By carefully considering Anne's brilliantly vivid descriptions of Peter, and analyzing what they might mean, I slowly created a picture of how I thought Peter might be, and he came to feel very real to me. Most writers have that feeling of "hearing" their characters voices. Peter's voice (as I heard it) was quiet, thoughtful, questioning, full of feeling and in the end, quite stubborn and determined to be his own person. I can't, of course, know what the "real" Peter van Pels was like, but then again, how well do any of us know each other? How well did Anne know him, and how much was her view coloured by her own needs and desires?

I miss thinking and writing about Peter. I will always feel heart-broken and horrified at the waste of his young, promising life, and the lives of millions of others that the Nazis judged worthless. When it came to researching, imagining and writing about Peter's life in the camps I already felt very close to the character I'd created. I no longer really wanted to take the novel (and Peter) on into Auschwitz. I put off writing every day. I read survivor's testimonies. I went for long walks. I had very bad dreams. I decided that if I was going to go on, and imagine a life in the camps for Peter, then I had to make sure that every part of the "story" of what happened was rooted in reality.  I studied the mechanics of life as a Jewish inmate of Auschwitz. I also realized that in imagining an ending for one person -- Peter van Pels -- I could try to describe the horror and systematic destruction of human life that was a Nazi concentration camp. And so I began to write the final section of the novel. It was written very quickly, almost in one go, and the words came surprisingly easily. Nonetheless, it's not something I would want to do again.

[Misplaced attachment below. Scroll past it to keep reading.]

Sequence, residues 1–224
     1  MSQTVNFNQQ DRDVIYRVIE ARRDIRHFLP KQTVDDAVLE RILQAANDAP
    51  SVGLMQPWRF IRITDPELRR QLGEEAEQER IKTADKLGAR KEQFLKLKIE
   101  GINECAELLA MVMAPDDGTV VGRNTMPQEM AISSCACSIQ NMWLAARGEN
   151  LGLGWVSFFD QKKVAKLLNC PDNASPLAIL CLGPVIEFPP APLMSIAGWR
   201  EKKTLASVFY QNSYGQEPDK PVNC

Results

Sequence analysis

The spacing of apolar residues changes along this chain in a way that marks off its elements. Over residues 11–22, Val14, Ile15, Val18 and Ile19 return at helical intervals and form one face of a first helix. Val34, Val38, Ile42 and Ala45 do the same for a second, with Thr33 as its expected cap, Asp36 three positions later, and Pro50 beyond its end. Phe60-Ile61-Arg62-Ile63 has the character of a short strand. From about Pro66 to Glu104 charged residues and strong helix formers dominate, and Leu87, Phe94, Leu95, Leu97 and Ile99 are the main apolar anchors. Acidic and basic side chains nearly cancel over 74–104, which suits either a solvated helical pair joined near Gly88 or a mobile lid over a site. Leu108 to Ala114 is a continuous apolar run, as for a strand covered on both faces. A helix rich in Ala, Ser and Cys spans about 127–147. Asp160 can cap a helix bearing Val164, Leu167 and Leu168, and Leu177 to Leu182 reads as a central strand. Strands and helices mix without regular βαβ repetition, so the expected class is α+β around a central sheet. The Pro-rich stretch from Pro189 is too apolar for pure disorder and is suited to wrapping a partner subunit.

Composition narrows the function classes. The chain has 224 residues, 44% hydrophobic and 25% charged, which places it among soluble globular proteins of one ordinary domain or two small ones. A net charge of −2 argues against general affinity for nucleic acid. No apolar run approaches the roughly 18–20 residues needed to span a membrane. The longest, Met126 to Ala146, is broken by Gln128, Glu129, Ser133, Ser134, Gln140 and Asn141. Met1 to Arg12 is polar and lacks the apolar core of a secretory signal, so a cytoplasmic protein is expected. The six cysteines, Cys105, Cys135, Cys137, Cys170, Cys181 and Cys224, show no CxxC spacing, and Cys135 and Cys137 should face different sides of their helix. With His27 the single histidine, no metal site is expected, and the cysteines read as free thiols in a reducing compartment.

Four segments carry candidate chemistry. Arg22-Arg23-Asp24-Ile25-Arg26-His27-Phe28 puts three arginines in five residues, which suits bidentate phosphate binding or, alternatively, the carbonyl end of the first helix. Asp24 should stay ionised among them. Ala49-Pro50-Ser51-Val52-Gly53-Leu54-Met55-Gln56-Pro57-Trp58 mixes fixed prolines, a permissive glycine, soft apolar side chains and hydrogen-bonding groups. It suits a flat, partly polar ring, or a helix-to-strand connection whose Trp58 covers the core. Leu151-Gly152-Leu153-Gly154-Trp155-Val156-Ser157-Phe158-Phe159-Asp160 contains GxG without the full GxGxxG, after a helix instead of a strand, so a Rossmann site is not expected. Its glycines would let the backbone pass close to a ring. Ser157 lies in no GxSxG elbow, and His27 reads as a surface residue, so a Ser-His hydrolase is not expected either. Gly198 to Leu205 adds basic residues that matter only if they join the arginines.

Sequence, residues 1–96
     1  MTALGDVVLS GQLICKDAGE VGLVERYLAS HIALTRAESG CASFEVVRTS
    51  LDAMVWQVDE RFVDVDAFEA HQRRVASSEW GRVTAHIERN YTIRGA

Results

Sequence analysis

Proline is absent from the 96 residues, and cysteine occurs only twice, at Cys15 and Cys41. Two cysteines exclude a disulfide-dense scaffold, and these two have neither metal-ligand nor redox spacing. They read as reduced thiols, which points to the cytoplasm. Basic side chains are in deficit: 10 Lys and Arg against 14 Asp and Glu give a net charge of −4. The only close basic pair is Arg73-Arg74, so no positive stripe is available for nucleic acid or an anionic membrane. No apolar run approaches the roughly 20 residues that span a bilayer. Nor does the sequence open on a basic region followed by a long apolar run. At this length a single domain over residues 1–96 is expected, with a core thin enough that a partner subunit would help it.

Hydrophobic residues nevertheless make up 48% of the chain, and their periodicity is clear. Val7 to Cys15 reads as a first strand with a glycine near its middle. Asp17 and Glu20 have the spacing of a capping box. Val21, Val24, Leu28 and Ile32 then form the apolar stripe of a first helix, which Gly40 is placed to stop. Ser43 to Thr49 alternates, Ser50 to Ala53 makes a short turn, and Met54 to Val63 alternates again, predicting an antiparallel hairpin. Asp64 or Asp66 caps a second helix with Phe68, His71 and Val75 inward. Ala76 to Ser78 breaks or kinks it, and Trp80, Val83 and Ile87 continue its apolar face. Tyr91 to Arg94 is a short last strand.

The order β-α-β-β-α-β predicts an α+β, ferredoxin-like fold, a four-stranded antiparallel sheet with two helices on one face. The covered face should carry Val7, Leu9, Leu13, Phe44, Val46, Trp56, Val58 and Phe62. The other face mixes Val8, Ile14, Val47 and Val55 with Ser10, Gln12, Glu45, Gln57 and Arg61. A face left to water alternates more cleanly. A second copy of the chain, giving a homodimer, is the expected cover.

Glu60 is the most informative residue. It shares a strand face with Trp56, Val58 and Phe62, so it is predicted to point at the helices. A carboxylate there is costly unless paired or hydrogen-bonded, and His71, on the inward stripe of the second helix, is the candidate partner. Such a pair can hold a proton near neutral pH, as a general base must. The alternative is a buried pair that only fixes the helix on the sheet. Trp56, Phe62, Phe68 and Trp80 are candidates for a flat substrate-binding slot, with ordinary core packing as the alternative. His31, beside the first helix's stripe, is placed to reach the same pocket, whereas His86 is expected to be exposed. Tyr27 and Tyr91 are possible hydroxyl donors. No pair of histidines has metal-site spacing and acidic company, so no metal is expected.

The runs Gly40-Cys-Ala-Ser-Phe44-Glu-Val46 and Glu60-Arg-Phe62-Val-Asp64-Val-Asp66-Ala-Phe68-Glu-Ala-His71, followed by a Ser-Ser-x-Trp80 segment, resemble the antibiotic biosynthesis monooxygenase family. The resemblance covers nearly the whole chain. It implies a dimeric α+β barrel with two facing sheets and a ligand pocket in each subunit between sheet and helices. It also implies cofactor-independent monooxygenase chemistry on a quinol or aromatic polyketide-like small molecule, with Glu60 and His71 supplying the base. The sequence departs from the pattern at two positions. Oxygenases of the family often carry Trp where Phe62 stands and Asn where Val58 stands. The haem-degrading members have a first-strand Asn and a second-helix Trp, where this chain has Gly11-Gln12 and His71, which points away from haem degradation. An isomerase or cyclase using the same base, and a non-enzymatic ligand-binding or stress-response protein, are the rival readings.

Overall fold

It may sound odd, but for me a part of the horror of human mass destruction is the total disregard those who kill fellow human beings show for the story that each and everyone of us holds within us; the story of our life. So in the end I gave Peter a story. It's probably not the story he would have told himself, but it tries to acknowledge that his story did not end with his arrest on August 1st, 1944, and that there is a story to be told. It may be horrific, it may not be something we want to think about, but Peter, and millions like him had no choice, they had to live it, and unlike the survivors who can give testimony, they died. In their millions. That doesn't mean that they can't be thought about, or that we don't have the right to imagine their story; for me it was the opposite, I felt compelled to create a story.

© 2010 Sharon Dogar
, author of Annexed